While rare, PSCP has attracted attention lately as a cancer that may occur with increased frequency in women who carry inherited mutations in BRCA1 and BRCA2. It is well known that women with germline mutations in BRCA1 and BRCA2 have a markedly increased risk of developing ovarian cancer, with lifetime risk estimates ranging from 16% to 44%, depending on the populations being studied (7,8). The incidence of PSCP, before or after oophorectomy, is not known in these high-risk women. Of course, a major goal in the clinical management of these women is the reduction of cancer risk and related mortality. Strategies to this end have included increased cancer surveillance, risk factor modification, consideration of chemoprevention, and prophylactic surgery. Unfortunately, data from prospective trials of ovarian cancer risk alteration in known BRCA1 and BRCA2 mutation carriers are lacking. However, many women with BRCA1 and BRCA2 mutations are being advised to undergo prophylactic oophorectomy because of the lack of proven means of effective surveillance for ovarian cancer. A subset of these women goes on to develop PSCP, sometimes decades after oophorectomy.
For ovarian cancer, secondary prevention efforts within the general population, including clinical examination, transvaginal ultrasound, and determination of CA125 serum levels, have not been shown to improve survival rates. Some investigators (10,11) have shown that intensive surveillance by use of transvaginal ultrasound in women with a family history of ovarian cancer can detect early stage disease with increased frequency, but this has not been confirmed in women with known BRCA1 and BRCA2 mutations. Unfortunately, the modification of lifestyle factors known to be associated with an increased risk of ovarian cancer is not always practical or feasible. Finally, chemoprevention of ovarian cancer in this group is still experimental; although oral contraceptives are known to reduce the incidence of ovarian cancer in the general population (12), their potential benefit in carriers must be balanced against a possible increase in the risk of breast cancer associated with prolonged use (13).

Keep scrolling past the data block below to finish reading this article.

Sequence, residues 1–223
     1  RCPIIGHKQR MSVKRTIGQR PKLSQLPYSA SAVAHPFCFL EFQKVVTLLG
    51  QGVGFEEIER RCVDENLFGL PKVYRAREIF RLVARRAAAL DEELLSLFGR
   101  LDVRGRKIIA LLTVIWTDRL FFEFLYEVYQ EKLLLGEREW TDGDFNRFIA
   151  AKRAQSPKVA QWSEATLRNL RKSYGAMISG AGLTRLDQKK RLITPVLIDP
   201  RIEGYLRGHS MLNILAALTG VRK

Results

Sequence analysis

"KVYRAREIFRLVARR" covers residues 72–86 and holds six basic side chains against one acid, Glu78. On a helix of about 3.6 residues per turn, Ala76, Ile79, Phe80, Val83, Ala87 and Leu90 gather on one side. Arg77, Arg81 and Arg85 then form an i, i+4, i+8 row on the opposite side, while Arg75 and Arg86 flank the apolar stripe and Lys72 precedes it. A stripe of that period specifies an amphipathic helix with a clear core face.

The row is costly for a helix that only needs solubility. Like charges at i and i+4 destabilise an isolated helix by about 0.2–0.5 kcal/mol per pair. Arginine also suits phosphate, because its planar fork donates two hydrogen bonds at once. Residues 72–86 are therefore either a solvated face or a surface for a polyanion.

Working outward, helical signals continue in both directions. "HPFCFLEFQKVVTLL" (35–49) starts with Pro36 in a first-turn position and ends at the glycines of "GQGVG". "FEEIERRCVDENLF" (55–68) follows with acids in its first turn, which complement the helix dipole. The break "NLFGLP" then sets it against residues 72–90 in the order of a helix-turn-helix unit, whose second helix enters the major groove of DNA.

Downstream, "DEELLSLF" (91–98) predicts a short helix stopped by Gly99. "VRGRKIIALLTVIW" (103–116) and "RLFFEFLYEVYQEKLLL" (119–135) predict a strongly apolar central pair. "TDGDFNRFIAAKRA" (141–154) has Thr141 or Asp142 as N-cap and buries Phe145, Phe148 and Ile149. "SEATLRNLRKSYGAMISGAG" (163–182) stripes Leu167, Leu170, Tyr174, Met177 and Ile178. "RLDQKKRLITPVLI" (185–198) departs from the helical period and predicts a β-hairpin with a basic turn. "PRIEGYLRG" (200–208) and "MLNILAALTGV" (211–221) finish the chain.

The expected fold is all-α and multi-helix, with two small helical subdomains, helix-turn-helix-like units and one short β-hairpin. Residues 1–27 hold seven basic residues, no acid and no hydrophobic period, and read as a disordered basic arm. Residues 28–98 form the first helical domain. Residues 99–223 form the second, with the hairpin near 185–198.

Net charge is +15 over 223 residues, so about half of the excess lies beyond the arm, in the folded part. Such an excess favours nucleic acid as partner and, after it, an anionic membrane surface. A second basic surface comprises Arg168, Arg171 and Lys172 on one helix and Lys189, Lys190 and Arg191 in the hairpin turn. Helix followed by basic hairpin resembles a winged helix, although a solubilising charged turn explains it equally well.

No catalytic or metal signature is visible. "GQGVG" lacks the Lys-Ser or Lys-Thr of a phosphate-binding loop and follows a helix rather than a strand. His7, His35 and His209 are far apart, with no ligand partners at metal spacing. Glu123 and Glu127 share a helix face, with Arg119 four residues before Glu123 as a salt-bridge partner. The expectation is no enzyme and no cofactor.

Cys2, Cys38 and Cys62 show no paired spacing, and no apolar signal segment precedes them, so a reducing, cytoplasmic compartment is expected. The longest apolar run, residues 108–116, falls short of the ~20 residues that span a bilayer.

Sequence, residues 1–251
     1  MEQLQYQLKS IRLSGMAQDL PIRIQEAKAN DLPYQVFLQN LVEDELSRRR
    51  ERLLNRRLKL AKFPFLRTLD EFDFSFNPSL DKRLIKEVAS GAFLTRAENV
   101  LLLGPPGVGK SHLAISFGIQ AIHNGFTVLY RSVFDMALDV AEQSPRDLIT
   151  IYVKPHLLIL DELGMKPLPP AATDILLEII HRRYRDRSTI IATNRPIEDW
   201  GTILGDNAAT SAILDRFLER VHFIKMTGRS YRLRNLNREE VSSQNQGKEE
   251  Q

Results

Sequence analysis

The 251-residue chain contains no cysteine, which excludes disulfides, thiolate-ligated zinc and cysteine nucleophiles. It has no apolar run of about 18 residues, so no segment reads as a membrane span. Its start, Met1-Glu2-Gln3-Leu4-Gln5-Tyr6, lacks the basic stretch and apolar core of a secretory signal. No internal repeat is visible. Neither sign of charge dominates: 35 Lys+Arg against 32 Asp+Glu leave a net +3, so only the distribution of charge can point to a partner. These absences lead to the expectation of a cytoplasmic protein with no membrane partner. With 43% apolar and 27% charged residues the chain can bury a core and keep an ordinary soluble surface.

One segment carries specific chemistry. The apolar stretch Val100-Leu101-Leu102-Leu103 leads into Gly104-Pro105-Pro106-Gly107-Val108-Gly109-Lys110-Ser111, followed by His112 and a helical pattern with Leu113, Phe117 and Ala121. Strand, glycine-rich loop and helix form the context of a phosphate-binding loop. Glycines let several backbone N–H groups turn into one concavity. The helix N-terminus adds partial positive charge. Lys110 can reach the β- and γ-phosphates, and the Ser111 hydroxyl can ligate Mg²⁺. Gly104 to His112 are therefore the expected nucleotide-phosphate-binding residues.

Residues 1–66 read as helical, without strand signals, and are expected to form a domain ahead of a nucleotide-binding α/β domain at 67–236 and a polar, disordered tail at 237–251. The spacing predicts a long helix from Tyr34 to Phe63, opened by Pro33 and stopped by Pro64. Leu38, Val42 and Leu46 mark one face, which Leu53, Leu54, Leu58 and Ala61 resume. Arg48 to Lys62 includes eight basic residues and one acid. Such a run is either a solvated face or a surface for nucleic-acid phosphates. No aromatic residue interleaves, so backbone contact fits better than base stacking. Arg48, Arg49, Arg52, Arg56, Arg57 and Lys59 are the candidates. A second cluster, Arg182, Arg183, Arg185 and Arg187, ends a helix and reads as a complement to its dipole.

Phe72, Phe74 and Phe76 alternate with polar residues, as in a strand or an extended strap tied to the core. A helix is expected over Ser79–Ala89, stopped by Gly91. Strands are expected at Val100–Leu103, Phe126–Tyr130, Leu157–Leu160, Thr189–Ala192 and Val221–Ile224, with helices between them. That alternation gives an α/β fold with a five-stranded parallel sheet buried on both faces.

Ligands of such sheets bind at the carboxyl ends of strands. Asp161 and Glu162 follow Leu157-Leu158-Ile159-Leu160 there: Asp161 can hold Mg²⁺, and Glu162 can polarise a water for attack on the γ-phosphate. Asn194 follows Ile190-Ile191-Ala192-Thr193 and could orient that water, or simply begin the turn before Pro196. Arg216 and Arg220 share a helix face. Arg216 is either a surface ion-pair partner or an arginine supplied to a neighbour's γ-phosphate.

As noted above, the limitations of ovarian cancer risk reduction strategies have contributed to an interest in prophylactic surgery among BRCA1 and BRCA2 mutation carriers. Guidelines for the management of these high-risk individuals, based largely on expert opinion, have been developed (9,14). These consensus statements have recommended that female mutation carriers be counseled to consider prophylactic oophorectomy after childbearing is complete or by the age of 35 years. However, surgical prophylaxis in individuals with a hereditary predisposition to cancer remains controversial, partly because of the incomplete protection conferred against subsequent cancer. Indeed, numerous reports (15-19) in the literature have documented the occurrence of PSCP after prophylactic oophorectomy. With the exception of one case report, all of the women described in these series had a family history of ovarian cancer. In this setting, various investigators have reported rates of peritoneal cancer ranging from 1.9% to 10.7%. Despite this recognized risk, a decision analysis that incorporated a prophylactic oophorectomy efficacy rate of only 50% in the model still showed a modest survival benefit in a theoretical cohort of BRCA1 mutation carriers undergoing this procedure (20).